The Rensselaer Plateau in upstate New York is getting its second community forest. What's a community forest? Well, it depends on the community.
When the Rensselaer Plateau Alliance (RPA) helped create a community forest in the town of Poestenkill, a steering committee of local citizens decided to create trails for hiking and mountain biking. They also created a demonstration forest, offering sustainable forestry workshops and logging safety classes. Income from timber harvests will offset some of the costs to acquire and maintain the property.
Jim Bonesteel, executive director of RPA, says "We've been overwhelmed by how the community has responded and how excited the committee members are to be involved, coming up with their own ideas for what to do on the land. Volunteers have come out to build trails on the land — hours and hours of volunteering. As more people are learning about it, people are getting really excited and involved."
RPA acquired the 350-acre property in 2014 — in part, through a grant from the U.S. Forest Service's Community Forest Program. This federal program funds projects that benefit the local community, provide public access and involve community members in management decisions. Additional support came from private donations, Callanan Industries, The Conservation Fund (accredited) and the Land Trust Alliance's New York Conservation Partnership Program.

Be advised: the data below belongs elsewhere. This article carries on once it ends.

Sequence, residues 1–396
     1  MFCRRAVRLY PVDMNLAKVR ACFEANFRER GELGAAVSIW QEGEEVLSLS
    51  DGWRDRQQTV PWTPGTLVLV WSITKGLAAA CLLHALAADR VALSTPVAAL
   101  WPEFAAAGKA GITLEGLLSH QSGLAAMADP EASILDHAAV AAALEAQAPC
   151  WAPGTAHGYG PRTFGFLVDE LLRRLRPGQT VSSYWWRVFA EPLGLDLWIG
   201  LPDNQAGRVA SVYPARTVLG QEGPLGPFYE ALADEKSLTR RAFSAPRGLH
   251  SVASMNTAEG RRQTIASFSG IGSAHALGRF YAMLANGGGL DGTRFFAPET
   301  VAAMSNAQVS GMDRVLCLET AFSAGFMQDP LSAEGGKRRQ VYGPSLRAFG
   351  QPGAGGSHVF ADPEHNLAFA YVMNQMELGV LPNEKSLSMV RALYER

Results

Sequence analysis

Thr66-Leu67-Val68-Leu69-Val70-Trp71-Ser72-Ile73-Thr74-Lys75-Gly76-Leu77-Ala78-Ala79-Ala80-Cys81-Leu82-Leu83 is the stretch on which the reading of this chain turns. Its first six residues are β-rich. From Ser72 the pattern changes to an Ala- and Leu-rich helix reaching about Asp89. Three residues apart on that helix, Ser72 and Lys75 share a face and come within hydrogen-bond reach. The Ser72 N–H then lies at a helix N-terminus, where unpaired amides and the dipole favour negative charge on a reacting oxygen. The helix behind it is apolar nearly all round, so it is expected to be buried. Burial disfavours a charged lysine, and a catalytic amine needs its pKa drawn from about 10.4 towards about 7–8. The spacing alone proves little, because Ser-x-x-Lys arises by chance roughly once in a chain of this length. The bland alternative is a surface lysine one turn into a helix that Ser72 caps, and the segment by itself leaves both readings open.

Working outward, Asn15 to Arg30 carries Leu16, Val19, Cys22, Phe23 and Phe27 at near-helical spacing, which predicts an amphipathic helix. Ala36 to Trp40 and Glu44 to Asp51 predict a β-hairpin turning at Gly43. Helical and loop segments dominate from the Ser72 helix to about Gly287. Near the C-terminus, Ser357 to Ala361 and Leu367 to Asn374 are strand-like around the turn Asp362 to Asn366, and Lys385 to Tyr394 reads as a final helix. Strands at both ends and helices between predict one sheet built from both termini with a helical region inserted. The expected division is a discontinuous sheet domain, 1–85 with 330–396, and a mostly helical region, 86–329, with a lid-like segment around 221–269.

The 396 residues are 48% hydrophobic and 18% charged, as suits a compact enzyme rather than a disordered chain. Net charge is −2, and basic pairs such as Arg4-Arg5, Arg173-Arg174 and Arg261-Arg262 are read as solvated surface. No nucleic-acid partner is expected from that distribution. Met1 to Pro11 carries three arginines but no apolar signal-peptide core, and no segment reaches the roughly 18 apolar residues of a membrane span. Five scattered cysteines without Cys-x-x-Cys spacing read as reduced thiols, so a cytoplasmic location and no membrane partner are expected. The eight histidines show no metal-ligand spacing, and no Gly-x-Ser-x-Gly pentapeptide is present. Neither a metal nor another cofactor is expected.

This year, RPA got a Forest Service grant for another community forest on 315 acres in the Village of East Nassau, Town of Nassau and Town of Stephentown. Again, community members will decide what kind of recreational and educational benefits they want to see. For example, Bonesteel says, this community may want to create equestrian-friendly trails.
Rose Jenkins is a frequent contributor to Saving Land, the Alliance’s quarterly magazine.